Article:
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Finishing the Work of a Translation

I have mentioned that as a graduate student I was asked to be one of the “secretaries” for the New Revised Standard Version translation committee when they were meeting twice a year to make decisions for the new translation, recording the decisions they made for changing the older Revised Standard Version translation.  I did that for several years until they had finished their translation.  I graduated from my PhD program in 1985, and I was already, at that point, teaching at Rutgers University.

My position at Rutgers was a rather precarious one, professionally.  In the language almost universally used today, I was an “adjunct” instructor, that is, a temporary faculty member without full (or much of any) benefits and paid as part time, even though I was teaching the full load of courses (with larger classes than most of my colleagues).  Rutgers had a special title for me.  I was called a “Coadjutant Casual.”  I never did know what that meant.

At the time, my wife had decided to go back to school to finish her degree, and we had two young children.  I had to work extra jobs to make ends meet (or, at least, close to meeting), and did a variety of things, from digitizing Greek inscriptions for the Princeton Epigraphy Project out of the Institute for Advanced Studies in Princeton to delivering the New York Times before the crack of down – doing both jobs at the same time, while teaching at Rutgers!  At the same time I was working to to crank out some publications to make me more marketable as I applied for permanent teaching positions.  I was a busy camper.

Then in 1987 my doctoral advisor, Bruce Metzger, asked me if I would be interested in taking over as the full time research assistant to the New Revised Standard Translation committee, working out of the Speer Library at Princeton Theological Seminary.  This was a 40-hour a week, full time job.  I leapt at it.  But this was not …

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Some Arduous Tasks for the New Revised Standard Version
A Reflection on Christmas: Blast from the Past

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Comments

  1. Avatar
    stonecold51  December 26, 2016

    Bart I am impressed – even delivered newspapers !!!!
    As a past newspaper carrier I know how brutal that job can be

  2. Avatar
    Prizm  December 26, 2016

    I can just hear the christians around you at the time:

    “Just remember, you’re doing it for the Lord! What do you mean it’s too much work? It’s never too much when it’s for His Kingdom! You think Jesus gave up when he was going to the cross? Your suffering is light compared to Him! It may seem like a lot of work now, but your reward will be great!”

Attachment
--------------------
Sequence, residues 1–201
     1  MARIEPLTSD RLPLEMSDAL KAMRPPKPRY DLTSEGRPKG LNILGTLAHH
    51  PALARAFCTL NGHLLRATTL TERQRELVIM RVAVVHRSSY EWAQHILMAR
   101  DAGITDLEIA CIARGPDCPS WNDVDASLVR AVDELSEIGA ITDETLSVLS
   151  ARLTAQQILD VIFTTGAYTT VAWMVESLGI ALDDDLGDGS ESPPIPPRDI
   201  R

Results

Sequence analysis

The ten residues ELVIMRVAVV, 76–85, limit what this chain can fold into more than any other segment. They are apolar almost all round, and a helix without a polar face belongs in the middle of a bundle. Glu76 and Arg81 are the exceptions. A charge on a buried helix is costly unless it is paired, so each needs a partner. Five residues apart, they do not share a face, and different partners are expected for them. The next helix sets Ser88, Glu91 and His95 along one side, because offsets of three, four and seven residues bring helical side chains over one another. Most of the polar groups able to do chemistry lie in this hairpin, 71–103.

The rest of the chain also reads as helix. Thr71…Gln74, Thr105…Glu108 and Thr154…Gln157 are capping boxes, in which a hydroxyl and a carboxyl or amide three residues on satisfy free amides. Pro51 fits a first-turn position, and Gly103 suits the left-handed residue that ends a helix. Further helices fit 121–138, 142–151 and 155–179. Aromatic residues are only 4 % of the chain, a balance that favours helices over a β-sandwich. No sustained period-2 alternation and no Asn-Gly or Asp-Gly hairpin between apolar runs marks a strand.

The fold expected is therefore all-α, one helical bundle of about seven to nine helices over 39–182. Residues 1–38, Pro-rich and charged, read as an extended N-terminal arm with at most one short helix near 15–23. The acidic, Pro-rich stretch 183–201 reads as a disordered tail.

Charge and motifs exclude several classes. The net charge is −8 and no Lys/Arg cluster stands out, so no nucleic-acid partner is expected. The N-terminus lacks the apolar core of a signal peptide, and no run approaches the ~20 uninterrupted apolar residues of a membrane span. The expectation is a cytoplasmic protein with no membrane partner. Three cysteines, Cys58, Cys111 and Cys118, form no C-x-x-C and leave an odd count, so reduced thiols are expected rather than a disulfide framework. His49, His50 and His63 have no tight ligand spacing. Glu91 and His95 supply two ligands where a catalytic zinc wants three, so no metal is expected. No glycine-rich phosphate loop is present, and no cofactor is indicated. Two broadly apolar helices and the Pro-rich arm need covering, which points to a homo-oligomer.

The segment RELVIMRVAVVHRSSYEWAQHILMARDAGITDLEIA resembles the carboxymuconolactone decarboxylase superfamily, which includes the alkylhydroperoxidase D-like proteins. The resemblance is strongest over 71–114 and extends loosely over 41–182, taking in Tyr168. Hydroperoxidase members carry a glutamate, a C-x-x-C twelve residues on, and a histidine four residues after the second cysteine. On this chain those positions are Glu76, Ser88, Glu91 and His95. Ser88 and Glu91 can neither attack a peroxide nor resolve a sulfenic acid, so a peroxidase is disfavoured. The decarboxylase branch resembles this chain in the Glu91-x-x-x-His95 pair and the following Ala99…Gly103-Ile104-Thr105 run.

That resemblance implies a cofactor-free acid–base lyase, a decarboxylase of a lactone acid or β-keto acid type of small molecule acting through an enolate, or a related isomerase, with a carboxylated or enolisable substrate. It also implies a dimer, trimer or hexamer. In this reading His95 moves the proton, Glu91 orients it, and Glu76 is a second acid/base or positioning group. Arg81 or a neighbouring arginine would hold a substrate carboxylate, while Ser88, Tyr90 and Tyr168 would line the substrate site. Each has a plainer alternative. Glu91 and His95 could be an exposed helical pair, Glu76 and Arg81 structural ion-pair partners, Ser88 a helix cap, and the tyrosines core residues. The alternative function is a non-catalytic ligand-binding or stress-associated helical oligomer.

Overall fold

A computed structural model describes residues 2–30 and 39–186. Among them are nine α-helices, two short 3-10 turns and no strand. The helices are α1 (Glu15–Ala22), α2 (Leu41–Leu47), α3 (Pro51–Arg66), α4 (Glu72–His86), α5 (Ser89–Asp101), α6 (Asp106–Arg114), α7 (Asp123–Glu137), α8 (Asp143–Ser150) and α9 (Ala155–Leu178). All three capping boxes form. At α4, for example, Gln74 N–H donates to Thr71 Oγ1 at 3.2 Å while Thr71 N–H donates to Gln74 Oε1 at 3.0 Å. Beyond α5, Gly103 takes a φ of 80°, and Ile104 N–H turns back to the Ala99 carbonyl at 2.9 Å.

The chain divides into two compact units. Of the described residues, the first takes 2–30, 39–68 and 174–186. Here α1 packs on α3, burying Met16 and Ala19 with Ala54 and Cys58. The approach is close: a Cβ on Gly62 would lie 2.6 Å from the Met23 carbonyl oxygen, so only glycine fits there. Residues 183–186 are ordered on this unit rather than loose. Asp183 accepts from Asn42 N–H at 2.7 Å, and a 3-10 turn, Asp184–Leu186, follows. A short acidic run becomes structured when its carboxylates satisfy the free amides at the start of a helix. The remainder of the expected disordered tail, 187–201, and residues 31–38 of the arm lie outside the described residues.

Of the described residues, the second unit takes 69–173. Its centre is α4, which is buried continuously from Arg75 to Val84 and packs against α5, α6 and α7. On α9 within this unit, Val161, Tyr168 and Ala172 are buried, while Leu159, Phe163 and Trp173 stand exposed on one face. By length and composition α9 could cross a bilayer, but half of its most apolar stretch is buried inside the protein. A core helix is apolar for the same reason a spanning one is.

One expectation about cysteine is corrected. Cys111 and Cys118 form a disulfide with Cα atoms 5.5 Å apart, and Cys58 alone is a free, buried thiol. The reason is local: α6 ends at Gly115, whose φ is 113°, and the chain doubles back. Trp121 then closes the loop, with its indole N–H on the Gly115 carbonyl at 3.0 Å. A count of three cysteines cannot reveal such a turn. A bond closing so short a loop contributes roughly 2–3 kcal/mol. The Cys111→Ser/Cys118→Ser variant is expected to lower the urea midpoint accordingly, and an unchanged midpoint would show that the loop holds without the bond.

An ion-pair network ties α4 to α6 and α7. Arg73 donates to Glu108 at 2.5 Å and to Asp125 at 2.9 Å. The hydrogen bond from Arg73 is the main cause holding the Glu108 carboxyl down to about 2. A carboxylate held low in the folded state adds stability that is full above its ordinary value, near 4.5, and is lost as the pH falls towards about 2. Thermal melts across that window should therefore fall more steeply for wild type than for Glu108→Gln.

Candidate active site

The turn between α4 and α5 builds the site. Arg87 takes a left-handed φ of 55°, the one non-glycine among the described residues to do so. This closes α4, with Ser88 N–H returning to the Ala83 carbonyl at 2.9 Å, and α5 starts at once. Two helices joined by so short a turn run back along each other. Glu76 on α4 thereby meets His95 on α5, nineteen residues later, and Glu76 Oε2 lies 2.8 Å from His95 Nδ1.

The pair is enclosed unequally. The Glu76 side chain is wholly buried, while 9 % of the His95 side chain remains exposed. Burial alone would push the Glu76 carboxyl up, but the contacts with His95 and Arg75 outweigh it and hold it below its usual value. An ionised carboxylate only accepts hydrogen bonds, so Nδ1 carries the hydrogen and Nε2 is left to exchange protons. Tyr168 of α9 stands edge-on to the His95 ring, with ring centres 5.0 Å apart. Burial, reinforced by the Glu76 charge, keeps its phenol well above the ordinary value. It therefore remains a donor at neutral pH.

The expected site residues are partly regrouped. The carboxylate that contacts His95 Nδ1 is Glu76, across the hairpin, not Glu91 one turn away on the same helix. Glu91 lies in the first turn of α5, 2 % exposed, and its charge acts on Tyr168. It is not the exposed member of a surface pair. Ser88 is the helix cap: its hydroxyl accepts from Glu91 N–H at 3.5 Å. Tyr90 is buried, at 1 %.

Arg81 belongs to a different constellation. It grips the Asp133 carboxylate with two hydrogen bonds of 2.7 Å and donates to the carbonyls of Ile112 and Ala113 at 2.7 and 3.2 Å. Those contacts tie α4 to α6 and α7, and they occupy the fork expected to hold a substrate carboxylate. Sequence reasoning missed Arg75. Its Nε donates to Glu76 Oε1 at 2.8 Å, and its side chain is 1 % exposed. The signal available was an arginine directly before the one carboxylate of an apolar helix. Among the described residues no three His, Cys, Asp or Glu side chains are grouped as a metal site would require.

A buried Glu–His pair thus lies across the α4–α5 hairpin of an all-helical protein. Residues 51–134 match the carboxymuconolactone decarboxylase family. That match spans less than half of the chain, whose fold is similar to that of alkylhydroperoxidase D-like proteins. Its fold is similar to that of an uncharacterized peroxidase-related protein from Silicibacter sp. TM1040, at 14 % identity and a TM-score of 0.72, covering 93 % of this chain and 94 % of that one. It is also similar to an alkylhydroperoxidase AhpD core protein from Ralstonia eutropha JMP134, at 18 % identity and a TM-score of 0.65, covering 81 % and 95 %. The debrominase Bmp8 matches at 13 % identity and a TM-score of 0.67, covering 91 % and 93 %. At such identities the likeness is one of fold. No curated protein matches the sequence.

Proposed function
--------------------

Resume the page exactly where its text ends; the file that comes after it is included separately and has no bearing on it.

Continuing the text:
Reminds me of being used and abused in church. “Oh, you have this ability? Praise God, we need volunteers for such and such, don’t you love doing the Lord’s work?”

  3. Avatar
    mjkhan  December 26, 2016

    As a Muslim I read in Quran that Jesus was given a book probably piecemeal just like Prophet Muhammad got Quran may be,the name of this divine book was “Injeel”This original book if was preserved today and Jesus was an educated prophet who could read and write(contrary to Moses and Muhammad).His enemies must have created so much scare on being associated with Jesus that even the street language of Palestine had to change from Aramaic to Arabic,the tribes who spoke Aramaic migrated to Syria.Today we can’t find that original” Injeel”.But when I ask some christian scholars where can I find Injeel,they tell me to read “John”.What an insult to Jesus!Also sadly we don’t see the bible scholars doing this research on what happened to “Injeel” and how it got lost?Muslims will be very happy because we believe in Jesus and his message(as it was given to him)not as practicesd and taught today.

  4. Avatar
    mathieu  December 26, 2016

    I’m a little bit confused. You say the original was in Hebrew, which means to me it was the Old Testament only. In that case, why have a New Testament scholar on the committee of 3? Also, what happened with the translation of the New Testament? Was that done separately, by a different group of people, or later by the same people? What about the rules and agreements of your group; did they follow to the New Testament group, did the NT group use different rules or did they change them as the committee of 3 did?

    You got me interested, don’t leave me hanging, please.

    • Bart
      Bart  December 27, 2016

      Sorry, I wasn’t clear. The Old Testament subcommittess (three of them) were working on the Hebrew Bible; the New Testament subcommittee (just one) was workin on the Greek New Testament. They all followed the same rules, or at least they tried to. The committee of three comprised two Old Testament and one New Testament scholar (all of them, of course, competent in the other testament as well)

      • Avatar
        SeptimusHM  November 6, 2019

        Hey Bart, sorry for responding here as I’m not sure exactly where to ask this… Anyways, I read on the NRSV Wikipedia page that the SBL is doing an update for the NRSV apparently it’s going to be called NRSV-UE (UE meaning updated edition, at least that’s the current working title) do you know anything about this?